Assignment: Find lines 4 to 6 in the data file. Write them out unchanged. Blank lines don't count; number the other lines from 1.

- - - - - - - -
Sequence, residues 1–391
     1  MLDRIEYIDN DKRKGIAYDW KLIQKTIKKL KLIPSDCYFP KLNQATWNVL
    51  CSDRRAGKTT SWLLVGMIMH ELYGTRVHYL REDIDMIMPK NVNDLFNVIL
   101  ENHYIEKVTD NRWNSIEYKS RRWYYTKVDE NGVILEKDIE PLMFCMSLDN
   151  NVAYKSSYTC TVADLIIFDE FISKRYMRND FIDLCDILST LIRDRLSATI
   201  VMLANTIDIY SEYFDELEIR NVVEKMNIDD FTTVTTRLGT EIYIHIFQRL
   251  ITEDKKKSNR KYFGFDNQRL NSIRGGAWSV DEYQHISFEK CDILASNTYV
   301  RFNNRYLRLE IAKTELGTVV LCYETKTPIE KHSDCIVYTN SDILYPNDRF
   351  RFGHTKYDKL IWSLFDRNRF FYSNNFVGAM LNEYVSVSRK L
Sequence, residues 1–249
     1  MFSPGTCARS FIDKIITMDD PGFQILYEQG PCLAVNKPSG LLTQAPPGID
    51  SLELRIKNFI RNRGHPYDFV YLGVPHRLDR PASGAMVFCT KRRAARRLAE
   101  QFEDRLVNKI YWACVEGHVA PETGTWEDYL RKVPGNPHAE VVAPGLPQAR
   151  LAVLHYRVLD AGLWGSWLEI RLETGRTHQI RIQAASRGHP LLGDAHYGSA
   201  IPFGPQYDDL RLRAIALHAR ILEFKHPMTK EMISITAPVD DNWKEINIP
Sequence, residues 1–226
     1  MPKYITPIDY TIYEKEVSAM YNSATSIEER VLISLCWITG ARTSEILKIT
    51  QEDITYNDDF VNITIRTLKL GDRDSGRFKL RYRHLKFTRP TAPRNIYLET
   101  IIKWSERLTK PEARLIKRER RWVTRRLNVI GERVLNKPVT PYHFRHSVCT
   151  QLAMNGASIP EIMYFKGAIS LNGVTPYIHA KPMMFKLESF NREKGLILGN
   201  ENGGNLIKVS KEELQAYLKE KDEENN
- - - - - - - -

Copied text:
   101  ENHYIEKVTD NRWNSIEYKS RRWYYTKVDE NGVILEKDIE PLMFCMSLDN
   151  NVAYKSSYTC TVADLIIFDE FISKRYMRND FIDLCDILST LIRDRLSATI
   201  VMLANTIDIY SEYFDELEIR NVVEKMNIDD FTTVTTRLGT EIYIHIFQRL